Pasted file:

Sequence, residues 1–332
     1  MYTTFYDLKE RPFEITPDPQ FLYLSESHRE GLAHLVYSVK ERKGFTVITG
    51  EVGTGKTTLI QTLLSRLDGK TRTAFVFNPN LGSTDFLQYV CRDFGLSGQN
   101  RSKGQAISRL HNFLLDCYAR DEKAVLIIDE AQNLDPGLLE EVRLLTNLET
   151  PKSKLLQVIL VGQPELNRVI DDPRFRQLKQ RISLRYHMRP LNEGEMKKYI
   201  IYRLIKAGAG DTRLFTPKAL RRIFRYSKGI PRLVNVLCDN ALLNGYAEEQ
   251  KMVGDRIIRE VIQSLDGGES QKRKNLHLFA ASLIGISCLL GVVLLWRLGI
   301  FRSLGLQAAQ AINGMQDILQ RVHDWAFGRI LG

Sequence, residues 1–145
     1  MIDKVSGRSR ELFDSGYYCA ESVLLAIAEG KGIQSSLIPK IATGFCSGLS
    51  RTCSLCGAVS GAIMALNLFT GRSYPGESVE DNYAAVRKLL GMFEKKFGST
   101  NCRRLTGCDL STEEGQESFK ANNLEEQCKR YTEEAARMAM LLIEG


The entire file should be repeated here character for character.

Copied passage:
Sequence, residues 1–332
     1  MYTTFYDLKE RPFEITPDPQ FLYLSESHRE GLAHLVYSVK ERKGFTVITG
    51  EVGTGKTTLI QTLLSRLDGK TRTAFVFNPN LGSTDFLQYV CRDFGLSGQN
   101  RSKGQAISRL HNFLLDCYAR DEKAVLIIDE AQNLDPGLLE EVRLLTNLET
   151  PKSKLLQVIL VGQPELNRVI DDPRFRQLKQ RISLRYHMRP LNEGEMKKYI
   201  IYRLIKAGAG DTRLFTPKAL RRIFRYSKGI PRLVNVLCDN ALLNGYAEEQ
   251  KMVGDRIIRE VIQSLDGGES QKRKNLHLFA ASLIGISCLL GVVLLWRLGI
   301  FRSLGLQAAQ AINGMQDILQ RVHDWAFGRI LG

Sequence, residues 1–145
     1  MIDKVSGRSR ELFDSGYYCA ESVLLAIAEG KGIQSSLIPK IATGFCSGLS
    51  RTCSLCGAVS GAIMALNLFT GRSYPGESVE DNYAAVRKLL GMFEKKFGST
   101  NCRRLTGCDL STEEGQESFK ANNLEEQCKR YTEEAARMAM LLIEG